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Reverse anatomy shoulder replacement: comparison of two designs

Lookup NU author(s): Milad Masjedi, Professor Garth Johnson


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The aim of this study was to use a biomechanical model of the shoulder to examine the characteristics of two concepts of reverse anatomy implant; those that preserve the natural glenohumeral centre such as the Bayley-Walker (B-W) replacement and those medializing it such as Delta. A biomechanical model of the shoulder was used to evaluate the biomechanical characteristics of these prostheses. The moment arms of the shoulder muscles were predicted for the implanted models over a wide workspace and were compared to those of natural anatomy. The deltoid muscle moment arms through almost all of the range of motion in the Delta model were greatest. As a result the shoulder joint contact force was decreased for this implant. Furthermore, although the B-W model predicted similar moment arms to natural anatomy, the contact force decreased owing to change in the joint constraints. Finally, it was concluded that the reverse anatomy can compensate for loss of rotator cuff muscles in terms of joint stability, yet the shoulder function depends on the individual's musculature.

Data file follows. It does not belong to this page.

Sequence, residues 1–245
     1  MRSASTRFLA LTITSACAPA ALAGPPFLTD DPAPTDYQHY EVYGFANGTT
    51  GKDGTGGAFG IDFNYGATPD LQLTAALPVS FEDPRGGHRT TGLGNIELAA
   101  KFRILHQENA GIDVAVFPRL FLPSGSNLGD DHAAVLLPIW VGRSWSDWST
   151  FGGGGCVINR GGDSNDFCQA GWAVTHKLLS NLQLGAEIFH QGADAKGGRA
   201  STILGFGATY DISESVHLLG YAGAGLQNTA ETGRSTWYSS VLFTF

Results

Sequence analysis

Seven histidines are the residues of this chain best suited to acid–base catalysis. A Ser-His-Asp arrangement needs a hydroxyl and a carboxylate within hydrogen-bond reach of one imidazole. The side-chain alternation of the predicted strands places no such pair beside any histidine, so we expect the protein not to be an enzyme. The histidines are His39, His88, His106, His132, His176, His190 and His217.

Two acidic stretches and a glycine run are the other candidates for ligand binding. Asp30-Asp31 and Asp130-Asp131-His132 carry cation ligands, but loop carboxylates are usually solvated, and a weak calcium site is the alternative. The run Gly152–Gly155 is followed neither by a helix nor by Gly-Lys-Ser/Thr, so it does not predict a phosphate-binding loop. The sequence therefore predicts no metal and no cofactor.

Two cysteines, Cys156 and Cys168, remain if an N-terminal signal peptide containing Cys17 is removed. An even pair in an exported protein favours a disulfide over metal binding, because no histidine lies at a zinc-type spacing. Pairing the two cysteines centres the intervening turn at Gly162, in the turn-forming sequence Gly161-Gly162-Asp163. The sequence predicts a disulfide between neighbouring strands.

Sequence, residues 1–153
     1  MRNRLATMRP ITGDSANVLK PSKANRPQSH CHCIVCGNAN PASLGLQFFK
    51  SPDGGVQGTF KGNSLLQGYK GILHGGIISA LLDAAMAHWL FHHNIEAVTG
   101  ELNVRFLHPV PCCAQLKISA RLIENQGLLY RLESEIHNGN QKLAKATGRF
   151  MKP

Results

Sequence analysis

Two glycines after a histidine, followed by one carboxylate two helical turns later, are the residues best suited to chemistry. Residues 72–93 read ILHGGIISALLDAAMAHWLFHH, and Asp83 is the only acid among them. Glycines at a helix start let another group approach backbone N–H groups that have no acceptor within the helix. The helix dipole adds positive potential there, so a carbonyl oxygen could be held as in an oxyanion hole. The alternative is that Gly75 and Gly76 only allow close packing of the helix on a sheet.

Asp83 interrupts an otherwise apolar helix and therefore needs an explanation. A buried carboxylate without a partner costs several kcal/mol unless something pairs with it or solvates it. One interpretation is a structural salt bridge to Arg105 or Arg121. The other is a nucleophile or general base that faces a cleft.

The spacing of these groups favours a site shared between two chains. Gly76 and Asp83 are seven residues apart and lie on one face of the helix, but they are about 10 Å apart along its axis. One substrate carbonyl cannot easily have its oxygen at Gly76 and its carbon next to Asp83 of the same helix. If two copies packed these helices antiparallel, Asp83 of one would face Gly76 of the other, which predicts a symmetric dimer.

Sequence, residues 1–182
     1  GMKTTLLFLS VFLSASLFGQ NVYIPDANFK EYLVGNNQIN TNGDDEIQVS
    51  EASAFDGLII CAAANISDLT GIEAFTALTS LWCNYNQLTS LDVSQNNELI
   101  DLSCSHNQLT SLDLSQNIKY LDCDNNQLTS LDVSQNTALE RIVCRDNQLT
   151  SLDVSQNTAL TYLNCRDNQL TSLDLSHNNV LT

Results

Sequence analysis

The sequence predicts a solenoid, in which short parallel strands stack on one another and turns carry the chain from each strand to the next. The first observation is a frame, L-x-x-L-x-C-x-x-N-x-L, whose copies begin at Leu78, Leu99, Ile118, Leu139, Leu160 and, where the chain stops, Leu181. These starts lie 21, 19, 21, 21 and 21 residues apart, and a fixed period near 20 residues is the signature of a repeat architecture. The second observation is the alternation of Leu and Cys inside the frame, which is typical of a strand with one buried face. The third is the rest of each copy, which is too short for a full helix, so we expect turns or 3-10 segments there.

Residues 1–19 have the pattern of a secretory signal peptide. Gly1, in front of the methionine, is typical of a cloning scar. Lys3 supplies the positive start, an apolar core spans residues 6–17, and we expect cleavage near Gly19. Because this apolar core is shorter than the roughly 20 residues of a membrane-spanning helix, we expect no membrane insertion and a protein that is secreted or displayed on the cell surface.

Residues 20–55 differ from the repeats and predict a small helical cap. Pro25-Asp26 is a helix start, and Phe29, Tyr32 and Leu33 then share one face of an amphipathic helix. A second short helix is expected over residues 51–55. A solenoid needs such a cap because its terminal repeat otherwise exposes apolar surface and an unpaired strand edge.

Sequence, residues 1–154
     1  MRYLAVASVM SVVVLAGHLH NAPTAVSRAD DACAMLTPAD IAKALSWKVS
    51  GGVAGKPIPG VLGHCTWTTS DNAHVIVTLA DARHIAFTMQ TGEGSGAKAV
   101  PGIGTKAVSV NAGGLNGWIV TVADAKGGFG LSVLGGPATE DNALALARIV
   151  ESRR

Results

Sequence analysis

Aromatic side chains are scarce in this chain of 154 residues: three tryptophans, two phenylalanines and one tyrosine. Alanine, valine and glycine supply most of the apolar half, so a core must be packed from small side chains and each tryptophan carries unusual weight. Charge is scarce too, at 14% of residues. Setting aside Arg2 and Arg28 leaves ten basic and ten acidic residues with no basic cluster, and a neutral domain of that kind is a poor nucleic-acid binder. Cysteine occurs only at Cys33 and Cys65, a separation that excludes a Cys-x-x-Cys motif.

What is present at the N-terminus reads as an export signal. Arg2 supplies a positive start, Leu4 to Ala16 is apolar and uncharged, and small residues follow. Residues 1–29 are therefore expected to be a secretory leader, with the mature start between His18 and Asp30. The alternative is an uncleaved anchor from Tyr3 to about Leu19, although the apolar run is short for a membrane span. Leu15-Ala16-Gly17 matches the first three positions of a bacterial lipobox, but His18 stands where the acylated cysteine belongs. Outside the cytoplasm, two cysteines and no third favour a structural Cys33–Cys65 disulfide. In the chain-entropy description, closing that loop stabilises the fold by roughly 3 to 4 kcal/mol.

Publication metadata

Author(s): Masjedi M, Johnson GR

Publication type: Article

Publication status: Published

Journal: Proceedings of the Institution of Mechanical Engineers, Part H: Journal of Engineering in Medicine

Year: 2010

Volume: 224

Issue: H9

Pages: 1039-1049

Print publication date: 01/01/2010

ISSN (print): 0954-4119

ISSN (electronic): 2041-3033

Publisher: Professional Engineering Publishing Ltd.


DOI: 10.1243/09544119JEIM759


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